If we build it, will they come? – Estates Gazette, Spring 2018

Philip Lunn argues for the future of mega-shopping centres in Estates Gazette, Spring 2018.

 

Retail development is always a risk, but with pressure from online sales and declining high streets, is there still a future for mega-shopping centres? It depends who you ask…

 

Philip Lunn, Managing Director, Lateral Property Group – developer of the 600,000 sq ft shopping centre in Yorkshire

Shopping satisfies one of the most basic human needs: physical and social interaction. It is therefore a fascinating time to be a retail developer with huge ongoing structural changes in the retail market. Many commentators have tried to distill this change into a battle between online and physical. But this ignores how shopping works at an emotional level. It also fails to address two key issues: changes in consumer demand and the polarisation of retail destinations.

We admire California-based developer Caruso Affiliates, which owns and operates a number of the most successful retail destinations in the US. In 2014, chief executive Rick Caruso said: “We are part of a rebirth of bricks and mortar retail. It’s easy to get distracted by the relentless conversation of the internet versus bricks and mortar, but now more than ever what we need to do is focus on what has always been and what will always be essential to our customer – creating an experience that is magical and creating an experience that is memorable”.

Those words resonated with us and we believe they contain the key ingredients of how to remain relevant.

 

For years, the shopping centre model was simple: Inward looking, where the retail stores ruled, dominated by the traditional anchor department store, often with an enormous but now oversized foodstore. Centres were surrounded by parking, with little public realm or greenery and functional energy-inneficient, climate-controlled pedestrian malls with little sense of relationship to the communities around them.

For physical retail to thrive and survive, there has to be an acknowledgement that both shoppers and brands need more than bland boxes. The retail destination of tomorrow won’t just be built around the retail transaction. Instead, they will be mixed-use destinations for all generations that deliver discovery, experimentation, education and entertainment. We must acknowledge that we are no longer in the property business, we are in the hospitality business.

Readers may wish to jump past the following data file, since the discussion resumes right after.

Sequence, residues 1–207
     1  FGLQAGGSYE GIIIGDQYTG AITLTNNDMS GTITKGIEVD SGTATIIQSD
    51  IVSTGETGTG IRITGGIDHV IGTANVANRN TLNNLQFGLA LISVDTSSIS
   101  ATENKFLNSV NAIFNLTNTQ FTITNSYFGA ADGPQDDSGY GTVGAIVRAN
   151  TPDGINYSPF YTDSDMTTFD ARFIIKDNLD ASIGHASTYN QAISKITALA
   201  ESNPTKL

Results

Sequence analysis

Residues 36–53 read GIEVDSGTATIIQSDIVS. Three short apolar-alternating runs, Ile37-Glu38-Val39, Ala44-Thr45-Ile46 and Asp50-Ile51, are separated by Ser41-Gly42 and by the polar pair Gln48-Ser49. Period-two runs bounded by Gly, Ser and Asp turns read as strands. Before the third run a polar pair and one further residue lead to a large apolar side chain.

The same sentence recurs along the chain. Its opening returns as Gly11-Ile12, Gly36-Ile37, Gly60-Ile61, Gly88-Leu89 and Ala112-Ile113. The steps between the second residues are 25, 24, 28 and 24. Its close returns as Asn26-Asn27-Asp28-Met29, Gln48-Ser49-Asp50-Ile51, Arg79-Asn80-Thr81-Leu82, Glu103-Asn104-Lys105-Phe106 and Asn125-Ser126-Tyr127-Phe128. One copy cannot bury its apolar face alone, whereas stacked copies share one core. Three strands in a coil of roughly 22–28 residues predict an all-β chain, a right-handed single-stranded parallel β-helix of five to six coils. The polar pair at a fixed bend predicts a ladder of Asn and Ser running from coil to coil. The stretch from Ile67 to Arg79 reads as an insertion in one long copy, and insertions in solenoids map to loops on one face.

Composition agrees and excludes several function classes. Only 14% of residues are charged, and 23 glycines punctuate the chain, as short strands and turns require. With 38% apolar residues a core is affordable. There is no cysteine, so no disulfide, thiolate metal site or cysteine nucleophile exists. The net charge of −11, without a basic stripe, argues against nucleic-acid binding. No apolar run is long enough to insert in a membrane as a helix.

The crown estate launched Rushden Lakes in 2017. This was a major step forward, delivering a “day out” experience by mixing a strong retail and leisure offer with great public realm, and unique all-seasons leisure experiences within lakes and parkland. Retailers tell us it is trading exceptionally well.

We have heard people say we are brave with Axiom-Yorkshire, which is the largest out-of-town retail and leisure development in the UK since Bluewater.

We do not believe it is a question of bravery, we believe it is about having a clear vision of the future of retail.

 

We have the space and flexibility to draw from the best retail and leisure innovation. We also have 6.8m people – more than 10% of the UK’s population – within an hour’s drive. We have one of only six snow domes in the UK directly adjacent, which is Yorkshire’s most visited leisure attraction. More importantly, we are designing an experience that will deliver magical and memorable experiences within our 106-acre estate through four core values: convenience, experience, excitement and delight.

The master of magical and memorable experiences is surely Walt Disney. If Disney developed a shopping destination today what would it be like? I’d like to think his vision would be something like Axiom, delivering memorable and magical moments.